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LAURENCE HEALEY
How to wear the apron
By R.W. Bro. L. Healey, D.G.M.
A question that has exercised the minds of a number of freemasons during the past few years has recently come into prominence in the international masonic world as a result of a ruling made by the Grand Lodge of Scotland last year [1951].
At a quarterly communication presided over by MW Bro. Malcolm Harvey of Kinord, KCMG, DL, the Grand Master, a law was adopted that lodge aprons "Shall be fastened under the coat, and must be worn so as to be visible."
In the Grand Jurisdiction of British Columbia from the time of the formation of Grand Lodge up to recent years, it was the established practice to wear the apron under the coat, as evidenced by a varied assortment of group photographs taken during the early years, as well as the experience of those now living during later times. In fact any departure from this custom was an exceedingly rare occurrence up to the end of World War II, except in the case of brethren of the Armed Services attending lodge in uniform.
The advent of the double-breasted jacket as a later fashion in men's wear created the problem as to how to wear the apron visibly in lodge with the jacket buttoned. Some brethren solved that problem by fastening the apron outside the jacket rather than leave it open, with the result that a motley assortment of styles of apron wear could be observed in the average lodge at labour.
No doubt the Grand Lodge of Scotland gave complete consideration to all angles of the matter, perhaps consulted with the editor of the "Tailor & Cutter" as to the possibility of the double-breasted jacket being on the way out as a style for evening wear. But there is a stronger probability that the decision was based upon a firm determination to adhere to the custom regarding the wearing of the apron which has prevailed for more than two centuries past in that Grand Lodge, as well as in its neighbouring jurisdictions in the old land. And that a change at this time to suit a passing fad in the design of men's garments was neither necessary nor desirable.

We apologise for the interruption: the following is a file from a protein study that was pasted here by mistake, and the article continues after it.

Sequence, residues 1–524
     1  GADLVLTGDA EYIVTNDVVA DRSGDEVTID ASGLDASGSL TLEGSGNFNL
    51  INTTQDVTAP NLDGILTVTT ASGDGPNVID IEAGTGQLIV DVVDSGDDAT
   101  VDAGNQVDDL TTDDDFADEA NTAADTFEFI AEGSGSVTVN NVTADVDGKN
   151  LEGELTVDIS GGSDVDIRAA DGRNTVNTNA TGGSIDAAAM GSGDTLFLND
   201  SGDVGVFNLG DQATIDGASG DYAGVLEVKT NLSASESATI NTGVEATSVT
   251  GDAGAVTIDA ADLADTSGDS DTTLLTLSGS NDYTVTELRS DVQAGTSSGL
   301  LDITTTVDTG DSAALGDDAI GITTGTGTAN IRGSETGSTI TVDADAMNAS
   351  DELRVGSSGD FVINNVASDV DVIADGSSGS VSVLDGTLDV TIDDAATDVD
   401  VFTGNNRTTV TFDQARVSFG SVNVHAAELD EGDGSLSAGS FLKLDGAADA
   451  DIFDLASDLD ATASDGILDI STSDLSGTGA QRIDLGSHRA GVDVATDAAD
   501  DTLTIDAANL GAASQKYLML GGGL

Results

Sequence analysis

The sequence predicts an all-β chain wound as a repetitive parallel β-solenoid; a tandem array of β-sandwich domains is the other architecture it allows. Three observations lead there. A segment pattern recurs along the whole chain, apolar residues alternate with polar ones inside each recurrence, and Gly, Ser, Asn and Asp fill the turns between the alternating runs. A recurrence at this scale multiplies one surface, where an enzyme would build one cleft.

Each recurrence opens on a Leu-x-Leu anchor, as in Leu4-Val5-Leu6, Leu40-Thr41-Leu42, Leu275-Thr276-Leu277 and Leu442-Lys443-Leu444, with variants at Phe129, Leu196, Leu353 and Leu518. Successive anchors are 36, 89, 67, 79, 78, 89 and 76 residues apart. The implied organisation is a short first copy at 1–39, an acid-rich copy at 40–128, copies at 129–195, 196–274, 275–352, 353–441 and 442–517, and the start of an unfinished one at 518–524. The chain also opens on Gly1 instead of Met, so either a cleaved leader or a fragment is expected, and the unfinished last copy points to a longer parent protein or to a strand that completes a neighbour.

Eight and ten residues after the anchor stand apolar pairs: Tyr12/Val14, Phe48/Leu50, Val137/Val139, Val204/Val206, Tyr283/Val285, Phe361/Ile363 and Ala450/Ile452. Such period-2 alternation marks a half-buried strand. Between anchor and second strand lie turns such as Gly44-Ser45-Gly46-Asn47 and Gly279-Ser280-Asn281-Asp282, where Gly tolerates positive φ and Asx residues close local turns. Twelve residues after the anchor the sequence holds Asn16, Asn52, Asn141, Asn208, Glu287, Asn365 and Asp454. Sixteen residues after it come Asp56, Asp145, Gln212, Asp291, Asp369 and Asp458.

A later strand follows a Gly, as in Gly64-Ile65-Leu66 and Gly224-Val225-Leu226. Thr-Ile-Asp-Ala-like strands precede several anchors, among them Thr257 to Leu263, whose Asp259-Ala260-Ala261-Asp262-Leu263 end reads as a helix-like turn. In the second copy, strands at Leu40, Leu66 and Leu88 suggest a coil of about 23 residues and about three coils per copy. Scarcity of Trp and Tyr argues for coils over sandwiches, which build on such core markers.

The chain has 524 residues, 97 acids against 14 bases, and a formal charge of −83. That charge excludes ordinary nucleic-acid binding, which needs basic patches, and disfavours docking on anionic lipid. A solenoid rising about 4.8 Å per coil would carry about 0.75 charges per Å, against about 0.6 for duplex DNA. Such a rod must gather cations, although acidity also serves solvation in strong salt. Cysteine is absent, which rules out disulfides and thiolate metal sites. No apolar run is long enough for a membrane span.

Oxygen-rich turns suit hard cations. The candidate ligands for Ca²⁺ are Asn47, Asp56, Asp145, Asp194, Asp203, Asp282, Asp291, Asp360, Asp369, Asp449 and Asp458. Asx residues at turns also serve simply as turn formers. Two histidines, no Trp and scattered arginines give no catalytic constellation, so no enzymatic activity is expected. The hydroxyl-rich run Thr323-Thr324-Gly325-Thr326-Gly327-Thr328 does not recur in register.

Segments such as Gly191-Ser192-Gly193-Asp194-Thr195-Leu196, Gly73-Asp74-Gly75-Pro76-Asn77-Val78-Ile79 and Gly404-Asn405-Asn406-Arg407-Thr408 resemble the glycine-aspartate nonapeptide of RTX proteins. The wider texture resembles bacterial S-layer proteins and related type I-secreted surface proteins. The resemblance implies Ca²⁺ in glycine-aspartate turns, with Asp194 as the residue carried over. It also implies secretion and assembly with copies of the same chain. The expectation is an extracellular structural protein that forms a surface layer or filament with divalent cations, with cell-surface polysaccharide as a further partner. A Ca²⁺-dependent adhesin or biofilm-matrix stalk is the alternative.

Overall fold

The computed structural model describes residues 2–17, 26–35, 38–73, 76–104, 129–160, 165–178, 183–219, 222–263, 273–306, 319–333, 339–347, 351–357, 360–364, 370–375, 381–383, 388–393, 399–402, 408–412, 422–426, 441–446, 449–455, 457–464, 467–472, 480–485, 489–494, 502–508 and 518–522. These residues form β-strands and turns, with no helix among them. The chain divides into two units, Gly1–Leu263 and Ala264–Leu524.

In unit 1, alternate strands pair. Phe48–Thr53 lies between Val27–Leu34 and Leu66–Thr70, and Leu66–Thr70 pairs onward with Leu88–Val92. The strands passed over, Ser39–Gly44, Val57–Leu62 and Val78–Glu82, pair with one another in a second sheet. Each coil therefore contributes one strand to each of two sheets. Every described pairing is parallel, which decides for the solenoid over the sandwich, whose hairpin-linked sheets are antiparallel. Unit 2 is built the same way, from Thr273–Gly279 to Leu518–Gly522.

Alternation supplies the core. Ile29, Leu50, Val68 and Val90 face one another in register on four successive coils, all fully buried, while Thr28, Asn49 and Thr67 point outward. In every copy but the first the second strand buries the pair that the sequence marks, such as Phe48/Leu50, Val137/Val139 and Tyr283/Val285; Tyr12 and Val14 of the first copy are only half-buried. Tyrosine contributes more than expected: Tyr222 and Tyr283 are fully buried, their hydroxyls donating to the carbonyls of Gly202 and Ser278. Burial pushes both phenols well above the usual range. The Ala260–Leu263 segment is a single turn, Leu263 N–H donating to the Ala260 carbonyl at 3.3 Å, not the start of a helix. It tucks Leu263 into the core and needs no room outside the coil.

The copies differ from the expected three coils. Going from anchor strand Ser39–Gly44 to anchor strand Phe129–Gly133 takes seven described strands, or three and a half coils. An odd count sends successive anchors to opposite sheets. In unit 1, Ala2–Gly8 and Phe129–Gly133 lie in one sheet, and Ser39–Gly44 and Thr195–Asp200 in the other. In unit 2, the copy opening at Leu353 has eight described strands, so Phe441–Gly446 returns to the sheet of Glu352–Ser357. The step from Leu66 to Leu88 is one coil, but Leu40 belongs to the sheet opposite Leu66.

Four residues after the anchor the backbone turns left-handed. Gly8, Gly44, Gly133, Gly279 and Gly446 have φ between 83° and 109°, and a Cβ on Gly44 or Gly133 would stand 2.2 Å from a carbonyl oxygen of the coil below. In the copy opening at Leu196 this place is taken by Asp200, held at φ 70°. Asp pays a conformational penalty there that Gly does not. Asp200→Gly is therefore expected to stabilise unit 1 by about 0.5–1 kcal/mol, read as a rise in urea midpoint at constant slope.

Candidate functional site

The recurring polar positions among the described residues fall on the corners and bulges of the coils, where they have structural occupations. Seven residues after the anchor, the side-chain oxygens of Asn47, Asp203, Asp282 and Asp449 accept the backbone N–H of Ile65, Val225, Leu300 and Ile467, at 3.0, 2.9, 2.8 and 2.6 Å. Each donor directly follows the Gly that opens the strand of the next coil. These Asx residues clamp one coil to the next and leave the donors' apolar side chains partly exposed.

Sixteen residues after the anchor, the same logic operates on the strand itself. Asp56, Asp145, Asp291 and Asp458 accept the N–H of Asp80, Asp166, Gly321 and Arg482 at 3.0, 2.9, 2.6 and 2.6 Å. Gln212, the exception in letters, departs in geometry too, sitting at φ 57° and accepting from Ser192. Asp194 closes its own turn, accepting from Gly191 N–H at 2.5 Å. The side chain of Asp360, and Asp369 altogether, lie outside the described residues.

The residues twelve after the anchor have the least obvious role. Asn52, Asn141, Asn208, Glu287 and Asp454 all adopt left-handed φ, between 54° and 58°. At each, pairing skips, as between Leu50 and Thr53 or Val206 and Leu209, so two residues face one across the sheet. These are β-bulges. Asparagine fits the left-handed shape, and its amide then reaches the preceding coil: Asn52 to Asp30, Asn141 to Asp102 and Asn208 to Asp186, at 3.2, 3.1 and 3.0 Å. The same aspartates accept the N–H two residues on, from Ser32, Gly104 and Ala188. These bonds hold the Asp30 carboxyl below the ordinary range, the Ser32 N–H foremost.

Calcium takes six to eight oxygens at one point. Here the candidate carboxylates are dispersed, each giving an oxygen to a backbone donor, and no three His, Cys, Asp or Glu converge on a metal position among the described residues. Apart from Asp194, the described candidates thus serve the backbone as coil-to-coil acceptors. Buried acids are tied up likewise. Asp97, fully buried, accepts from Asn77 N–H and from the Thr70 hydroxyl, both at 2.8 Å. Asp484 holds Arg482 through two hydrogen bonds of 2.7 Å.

The Grand Lodge of British Columbia has derived a great many of its usages and customs from the Grand Lodge of Scotland under whose jurisdiction five of the nine lodges which formed the Grand Lodge in 1871 had their existence. This timely ruling, therefore, is of particular interest to the members of British Columbia lodges as an incentive to continue to establish usage and custom, and wear the apron as the brethren of this Grand jurisdiction have always worn it, fastened under the coat and in such a manner as to be visible.

Reprinted from Masonic Bulletin, February 1952, p. 47..

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